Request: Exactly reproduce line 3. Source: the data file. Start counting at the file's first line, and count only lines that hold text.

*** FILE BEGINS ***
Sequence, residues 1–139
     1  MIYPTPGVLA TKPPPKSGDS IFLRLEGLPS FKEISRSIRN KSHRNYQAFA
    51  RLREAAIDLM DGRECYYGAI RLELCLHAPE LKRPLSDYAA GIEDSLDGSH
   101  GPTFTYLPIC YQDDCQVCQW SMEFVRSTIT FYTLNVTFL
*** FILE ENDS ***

    51  RLREAAIDLM DGRECYYGAI RLELCLHAPE LKRPLSDYAA GIEDSLDGSH